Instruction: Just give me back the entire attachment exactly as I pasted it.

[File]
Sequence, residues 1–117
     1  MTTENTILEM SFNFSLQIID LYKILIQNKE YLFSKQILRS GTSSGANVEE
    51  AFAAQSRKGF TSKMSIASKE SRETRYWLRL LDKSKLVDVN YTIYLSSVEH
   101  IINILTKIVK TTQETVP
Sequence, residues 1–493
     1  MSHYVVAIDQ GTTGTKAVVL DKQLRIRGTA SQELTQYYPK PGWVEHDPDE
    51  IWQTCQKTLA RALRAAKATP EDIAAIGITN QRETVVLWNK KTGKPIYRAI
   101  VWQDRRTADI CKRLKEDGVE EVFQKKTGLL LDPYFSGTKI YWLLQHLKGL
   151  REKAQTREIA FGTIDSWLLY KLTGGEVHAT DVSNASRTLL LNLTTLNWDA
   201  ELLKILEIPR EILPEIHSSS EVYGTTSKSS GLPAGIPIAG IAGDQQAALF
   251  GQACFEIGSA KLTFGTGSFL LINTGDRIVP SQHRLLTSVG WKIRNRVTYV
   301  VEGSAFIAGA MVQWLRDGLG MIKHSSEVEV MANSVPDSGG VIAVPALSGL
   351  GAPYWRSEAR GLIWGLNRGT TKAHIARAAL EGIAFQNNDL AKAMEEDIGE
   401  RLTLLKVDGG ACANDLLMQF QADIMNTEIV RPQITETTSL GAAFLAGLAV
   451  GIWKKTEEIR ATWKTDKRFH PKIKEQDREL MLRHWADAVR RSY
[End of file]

Sequence, residues 1–117
     1  MTTENTILEM SFNFSLQIID LYKILIQNKE YLFSKQILRS GTSSGANVEE
    51  AFAAQSRKGF TSKMSIASKE SRETRYWLRL LDKSKLVDVN YTIYLSSVEH
   101  IINILTKIVK TTQETVP
Sequence, residues 1–493
     1  MSHYVVAIDQ GTTGTKAVVL DKQLRIRGTA SQELTQYYPK PGWVEHDPDE
    51  IWQTCQKTLA RALRAAKATP EDIAAIGITN QRETVVLWNK KTGKPIYRAI
   101  VWQDRRTADI CKRLKEDGVE EVFQKKTGLL LDPYFSGTKI YWLLQHLKGL
   151  REKAQTREIA FGTIDSWLLY KLTGGEVHAT DVSNASRTLL LNLTTLNWDA
   201  ELLKILEIPR EILPEIHSSS EVYGTTSKSS GLPAGIPIAG IAGDQQAALF
   251  GQACFEIGSA KLTFGTGSFL LINTGDRIVP SQHRLLTSVG WKIRNRVTYV
   301  VEGSAFIAGA MVQWLRDGLG MIKHSSEVEV MANSVPDSGG VIAVPALSGL
   351  GAPYWRSEAR GLIWGLNRGT TKAHIARAAL EGIAFQNNDL AKAMEEDIGE
   401  RLTLLKVDGG ACANDLLMQF QADIMNTEIV RPQITETTSL GAAFLAGLAV
   451  GIWKKTEEIR ATWKTDKRFH PKIKEQDREL MLRHWADAVR RSY